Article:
Are the lines with equations 2x + y = 2 and x - 2y = 0 parallel, perpendicular or neither?

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hala718's profile pic

hala718 | High School Teacher | (Level 1) Educator Emeritus

Posted on

2x + y = 2

x - 2y = 0

First we will rewrite the equation in the slope format:

==> 2x + y = 2

==> y= -2x + 2

Then, the slope m1 = -2

Now we will write equation (2):

x - 2y = 0

Add 2y to both sides.

==> 2y = x

Now we will divide by 2.

==> y= (1/2) x

==> Then, the slope m2 = (1/2)

Now since m1 and m2 are different, then the lines are NOT parallel.

If the lines are perpendicular, then we know that m1*m2 = -1

==> -2 * 1/2 = -1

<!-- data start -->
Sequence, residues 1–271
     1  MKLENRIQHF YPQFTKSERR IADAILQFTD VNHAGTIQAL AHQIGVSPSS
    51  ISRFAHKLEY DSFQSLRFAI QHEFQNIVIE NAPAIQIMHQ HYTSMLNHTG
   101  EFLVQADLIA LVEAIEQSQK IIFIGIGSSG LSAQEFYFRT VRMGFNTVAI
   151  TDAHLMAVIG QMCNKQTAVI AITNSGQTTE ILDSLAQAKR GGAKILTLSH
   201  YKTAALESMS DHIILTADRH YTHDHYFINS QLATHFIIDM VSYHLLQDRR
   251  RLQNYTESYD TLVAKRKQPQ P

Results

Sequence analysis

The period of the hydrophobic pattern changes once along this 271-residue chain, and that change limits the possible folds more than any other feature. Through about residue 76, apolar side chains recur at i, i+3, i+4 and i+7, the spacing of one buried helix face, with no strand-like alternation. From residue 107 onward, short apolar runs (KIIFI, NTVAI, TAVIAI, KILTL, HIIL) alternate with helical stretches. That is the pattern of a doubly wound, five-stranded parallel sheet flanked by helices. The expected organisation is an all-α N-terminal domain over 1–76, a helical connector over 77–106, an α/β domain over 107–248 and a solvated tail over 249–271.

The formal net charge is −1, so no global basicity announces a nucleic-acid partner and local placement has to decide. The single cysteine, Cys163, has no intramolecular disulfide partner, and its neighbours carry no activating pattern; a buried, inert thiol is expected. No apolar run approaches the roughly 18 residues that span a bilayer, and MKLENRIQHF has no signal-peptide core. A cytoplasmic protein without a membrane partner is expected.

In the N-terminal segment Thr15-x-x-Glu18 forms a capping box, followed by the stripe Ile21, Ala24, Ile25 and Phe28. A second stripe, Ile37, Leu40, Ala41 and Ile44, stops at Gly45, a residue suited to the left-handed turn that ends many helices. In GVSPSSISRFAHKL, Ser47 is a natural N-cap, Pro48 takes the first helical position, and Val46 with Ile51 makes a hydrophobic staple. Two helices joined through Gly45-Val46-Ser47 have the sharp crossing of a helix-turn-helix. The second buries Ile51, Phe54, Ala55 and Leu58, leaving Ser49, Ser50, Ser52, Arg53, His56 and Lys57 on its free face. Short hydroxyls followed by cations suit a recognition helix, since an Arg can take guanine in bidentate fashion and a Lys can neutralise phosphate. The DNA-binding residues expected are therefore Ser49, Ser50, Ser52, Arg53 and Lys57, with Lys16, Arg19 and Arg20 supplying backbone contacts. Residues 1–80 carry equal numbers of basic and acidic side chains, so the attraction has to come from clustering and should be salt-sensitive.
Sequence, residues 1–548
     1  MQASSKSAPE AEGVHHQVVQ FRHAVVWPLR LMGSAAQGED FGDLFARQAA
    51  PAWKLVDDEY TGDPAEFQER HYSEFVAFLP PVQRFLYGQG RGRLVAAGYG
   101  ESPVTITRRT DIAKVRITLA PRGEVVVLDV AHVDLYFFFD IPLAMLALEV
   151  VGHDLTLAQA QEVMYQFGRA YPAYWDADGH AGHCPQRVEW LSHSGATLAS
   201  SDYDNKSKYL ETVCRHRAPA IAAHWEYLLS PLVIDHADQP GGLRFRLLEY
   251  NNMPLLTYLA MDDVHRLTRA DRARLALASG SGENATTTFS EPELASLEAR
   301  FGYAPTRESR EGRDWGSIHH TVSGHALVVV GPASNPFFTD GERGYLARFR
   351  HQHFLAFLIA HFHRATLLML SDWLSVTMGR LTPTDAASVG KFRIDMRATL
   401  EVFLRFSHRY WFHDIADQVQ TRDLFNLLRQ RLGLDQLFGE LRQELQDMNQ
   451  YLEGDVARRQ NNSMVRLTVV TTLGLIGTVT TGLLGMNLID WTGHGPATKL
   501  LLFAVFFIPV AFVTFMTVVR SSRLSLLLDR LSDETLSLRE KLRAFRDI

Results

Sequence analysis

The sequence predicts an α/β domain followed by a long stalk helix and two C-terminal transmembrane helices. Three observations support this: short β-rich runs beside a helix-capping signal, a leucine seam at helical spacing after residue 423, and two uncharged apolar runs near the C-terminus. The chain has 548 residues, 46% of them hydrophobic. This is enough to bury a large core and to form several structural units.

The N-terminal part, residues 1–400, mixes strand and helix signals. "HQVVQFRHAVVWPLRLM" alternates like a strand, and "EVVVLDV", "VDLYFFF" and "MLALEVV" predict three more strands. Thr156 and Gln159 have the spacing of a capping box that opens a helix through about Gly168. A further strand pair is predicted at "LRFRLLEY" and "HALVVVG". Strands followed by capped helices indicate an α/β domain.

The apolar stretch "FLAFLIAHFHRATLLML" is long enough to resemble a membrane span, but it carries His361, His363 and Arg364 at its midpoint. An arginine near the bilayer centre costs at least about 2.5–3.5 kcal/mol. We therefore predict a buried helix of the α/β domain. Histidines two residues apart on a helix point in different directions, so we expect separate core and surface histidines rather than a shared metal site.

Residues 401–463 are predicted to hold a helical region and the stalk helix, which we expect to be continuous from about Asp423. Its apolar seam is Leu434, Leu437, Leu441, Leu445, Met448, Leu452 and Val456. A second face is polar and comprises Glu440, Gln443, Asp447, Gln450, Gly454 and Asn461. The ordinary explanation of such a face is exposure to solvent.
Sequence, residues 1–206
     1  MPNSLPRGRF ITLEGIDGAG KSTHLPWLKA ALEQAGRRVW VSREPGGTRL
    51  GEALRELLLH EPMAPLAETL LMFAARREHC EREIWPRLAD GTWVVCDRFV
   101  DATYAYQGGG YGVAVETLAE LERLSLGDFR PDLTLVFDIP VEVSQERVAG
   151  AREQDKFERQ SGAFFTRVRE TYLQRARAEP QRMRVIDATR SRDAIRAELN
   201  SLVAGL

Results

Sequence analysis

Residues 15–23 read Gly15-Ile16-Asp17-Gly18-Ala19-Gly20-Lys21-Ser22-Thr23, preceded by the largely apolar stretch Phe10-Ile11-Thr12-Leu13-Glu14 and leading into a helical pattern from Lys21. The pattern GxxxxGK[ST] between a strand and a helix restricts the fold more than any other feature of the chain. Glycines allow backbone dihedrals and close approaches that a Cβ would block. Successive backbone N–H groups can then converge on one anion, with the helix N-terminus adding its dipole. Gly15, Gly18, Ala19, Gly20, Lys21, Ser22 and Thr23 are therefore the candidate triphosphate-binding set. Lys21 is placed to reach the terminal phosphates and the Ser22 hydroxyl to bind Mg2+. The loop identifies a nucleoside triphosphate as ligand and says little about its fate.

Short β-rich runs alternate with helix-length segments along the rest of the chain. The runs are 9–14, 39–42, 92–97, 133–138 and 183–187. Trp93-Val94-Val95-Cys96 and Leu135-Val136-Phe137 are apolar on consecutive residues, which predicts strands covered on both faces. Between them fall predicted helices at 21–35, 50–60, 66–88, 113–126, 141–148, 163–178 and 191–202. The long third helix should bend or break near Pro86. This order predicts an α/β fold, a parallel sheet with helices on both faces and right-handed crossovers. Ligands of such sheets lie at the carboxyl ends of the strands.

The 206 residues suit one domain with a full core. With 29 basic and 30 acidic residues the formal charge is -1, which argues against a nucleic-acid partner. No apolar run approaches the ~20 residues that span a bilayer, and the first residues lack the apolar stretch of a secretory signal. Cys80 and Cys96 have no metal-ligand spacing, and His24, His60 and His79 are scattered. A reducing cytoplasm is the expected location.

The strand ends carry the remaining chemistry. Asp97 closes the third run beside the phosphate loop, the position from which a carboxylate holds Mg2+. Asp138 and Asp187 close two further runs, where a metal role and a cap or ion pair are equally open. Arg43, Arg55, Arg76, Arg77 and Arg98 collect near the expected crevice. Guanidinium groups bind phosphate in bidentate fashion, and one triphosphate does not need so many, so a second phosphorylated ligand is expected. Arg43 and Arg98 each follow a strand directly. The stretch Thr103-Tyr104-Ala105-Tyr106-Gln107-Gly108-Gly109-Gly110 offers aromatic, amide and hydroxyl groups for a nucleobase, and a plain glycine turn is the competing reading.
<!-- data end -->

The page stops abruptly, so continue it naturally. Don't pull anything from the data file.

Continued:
Then, the lines are perpendicular.

giorgiana1976's profile pic

giorgiana1976 | College Teacher | (Level 3) Valedictorian

Posted on

If the lines are perpendicular, then the product of their slopes is -1.

For the beginning, we'll verify if the lines are intercepting. For this rason, we'll solve the system

 2x + y = 2 (1)

x - 2y = 0 => x = 2y (2)

We'll substitute (2) in (1):

4y + y = 2

5y = 2

y = 2/5

x = 2*y

x = 4/5

The intercepting point is (4/5 ; 2/5).

Now, we'll write the equation in the standard form:

y = mx + n, where m is the slope and n is the y intercept.

 2x + y = 2

We'll isolate y to the left side:

y = -2x + 2

The slope m1 = -2.

We'll put the 2nd equation in the standard form:

x = 2y

y = x/2

m2 = 1/2

Now, we'll verify if the product of the slopes gives -1:

m1*m2 = -1

-2*1/2 = -1

-1 = -1

Since the product is -1, the lines are perpendicular.

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